So even as partisan differences have escalated in the United States in recent years, the divisions among Americans are not great enough to contend that there is no coherent American point of view on many issues. Certainly with respect to core personal values, the differences in the United States are minimal across partisan, regional, and class lines when compared against European views. Democrats, as members of America’s left-of-center party, stand closer than Republicans to the publics of the social democracies of Western Europe when it comes to the role of government in society and the extent of the social safety net. Nevertheless, Democrats as a whole are more conservative than Europeans. The same is true with respect to the national security issues that have been so polarizing in the United States during the Bush years.

In this regard, it is worth emphasizing that the divide between Republicans and Democrats on the use of force to protect the country revolves around how to use force, not whether to use it. The gap between parties on America’s leadership role in the world is not huge. And despite their loyalty to President Bush, Republicans endorse his call for promoting democracy around the world only marginally more than do Democrats. Members of both parties agree that it would be a nice thing to spread democracy, but both give it very low priority relative to other international objectives for the United States.

These attitudes reflect the skepticism and pragmatic realism that are important qualities in the American character. The United States is, at heart, a nation of realistic centrists, with the important caveat that the middle of the American national road runs considerably to the right of the European mainstream. Most Americans are wary of ideologues of the left or of the right, and rarely inclined to impose their personal beliefs upon others even when their moral and religious beliefs are strongly held. In the end, Americans are far more alike than different from each other, and still exceptional in being distinct from Europeans by most measures.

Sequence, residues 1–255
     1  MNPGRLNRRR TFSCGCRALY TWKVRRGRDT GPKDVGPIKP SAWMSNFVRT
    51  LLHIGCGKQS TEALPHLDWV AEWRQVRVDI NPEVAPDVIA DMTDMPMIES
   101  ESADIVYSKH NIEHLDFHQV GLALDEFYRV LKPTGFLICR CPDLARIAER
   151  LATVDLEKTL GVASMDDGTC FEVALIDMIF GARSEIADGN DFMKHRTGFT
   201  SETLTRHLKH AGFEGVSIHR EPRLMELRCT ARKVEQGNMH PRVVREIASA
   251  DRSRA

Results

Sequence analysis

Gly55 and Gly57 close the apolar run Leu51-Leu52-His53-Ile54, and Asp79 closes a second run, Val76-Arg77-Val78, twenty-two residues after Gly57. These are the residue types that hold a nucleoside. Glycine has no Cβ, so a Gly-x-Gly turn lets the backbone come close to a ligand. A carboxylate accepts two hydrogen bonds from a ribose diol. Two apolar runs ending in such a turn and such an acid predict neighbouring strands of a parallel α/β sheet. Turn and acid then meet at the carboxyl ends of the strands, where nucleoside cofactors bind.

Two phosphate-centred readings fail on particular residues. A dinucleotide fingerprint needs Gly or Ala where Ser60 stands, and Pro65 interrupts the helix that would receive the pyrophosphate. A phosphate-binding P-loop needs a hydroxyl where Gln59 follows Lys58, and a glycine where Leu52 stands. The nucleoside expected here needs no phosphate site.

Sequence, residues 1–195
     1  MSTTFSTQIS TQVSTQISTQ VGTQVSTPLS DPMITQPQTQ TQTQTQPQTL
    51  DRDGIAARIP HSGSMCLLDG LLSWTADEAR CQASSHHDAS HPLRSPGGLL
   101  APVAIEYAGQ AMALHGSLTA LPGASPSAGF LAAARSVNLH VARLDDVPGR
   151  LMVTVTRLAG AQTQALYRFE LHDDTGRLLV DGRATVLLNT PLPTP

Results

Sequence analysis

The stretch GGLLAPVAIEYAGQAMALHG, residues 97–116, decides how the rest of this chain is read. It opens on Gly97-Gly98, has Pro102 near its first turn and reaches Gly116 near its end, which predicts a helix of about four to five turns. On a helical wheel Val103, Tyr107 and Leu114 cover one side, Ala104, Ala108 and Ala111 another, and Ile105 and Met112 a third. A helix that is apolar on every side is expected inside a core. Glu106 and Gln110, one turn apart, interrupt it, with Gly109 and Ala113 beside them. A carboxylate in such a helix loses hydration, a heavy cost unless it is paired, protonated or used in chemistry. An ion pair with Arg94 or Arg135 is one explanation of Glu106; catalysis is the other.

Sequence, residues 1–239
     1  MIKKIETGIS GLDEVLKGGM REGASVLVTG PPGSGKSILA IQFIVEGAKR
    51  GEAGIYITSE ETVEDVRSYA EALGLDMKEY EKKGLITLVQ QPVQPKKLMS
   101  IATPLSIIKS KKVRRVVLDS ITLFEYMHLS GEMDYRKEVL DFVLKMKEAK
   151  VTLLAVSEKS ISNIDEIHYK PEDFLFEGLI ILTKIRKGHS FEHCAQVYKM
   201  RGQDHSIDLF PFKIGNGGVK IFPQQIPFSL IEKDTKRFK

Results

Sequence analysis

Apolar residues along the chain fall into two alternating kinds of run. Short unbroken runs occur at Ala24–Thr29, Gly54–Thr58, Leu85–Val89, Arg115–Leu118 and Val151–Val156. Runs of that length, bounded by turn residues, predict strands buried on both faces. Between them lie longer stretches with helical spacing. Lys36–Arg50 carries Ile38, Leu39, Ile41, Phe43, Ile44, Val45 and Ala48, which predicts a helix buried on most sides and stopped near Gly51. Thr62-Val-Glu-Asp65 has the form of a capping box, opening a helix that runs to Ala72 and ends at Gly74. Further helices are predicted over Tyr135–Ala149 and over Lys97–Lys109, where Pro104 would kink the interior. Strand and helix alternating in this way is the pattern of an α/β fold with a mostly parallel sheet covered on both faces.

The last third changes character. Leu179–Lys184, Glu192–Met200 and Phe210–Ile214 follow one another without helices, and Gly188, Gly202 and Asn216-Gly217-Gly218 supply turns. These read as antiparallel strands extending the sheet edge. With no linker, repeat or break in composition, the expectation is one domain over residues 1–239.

And, in a description of the book, the following has been said:

The precipitous rise in anti-Americanism is startling. To understand why the world has turned against the United States, the Pew Research Center, under the leadership of Andrew Kohut, has undertaken an unprecedented survey of world opinion–more than 91,000 respondents in fifty nations. In America Against the World, Kohut and Bruce Stokes unveil the sobering and surprising findings.

America’s image is at a low ebb: where once it was considered the champion of democracy, America is now seen as a self-absorbed, militant hyperpower. More than 70 percent of non-Americans say that the world would be improved if America faced a rival military power, and about half the citizens of Lebanon, Jordan, and Morocco think that suicide attacks on Americans in Iraq are justified.

Where does this anti-Americanism come from? Kohut and Stokes find that what pushed the world away is American exceptionalism–our individualism and our go-it-alone attitude. And it doesn’t help that Americans’ pervasive religiosity and deep patriotism are often exaggerated by America’s critics.

Former Secretary of State Madeleine K. Albright argues in her foreword that we cannot stop the spread of anti-Americanism without truly understanding who we are. America Against the World provides the insight to take that step.

If you click the headline you will be able to read a much more extensive excerpt from this thought provoking book.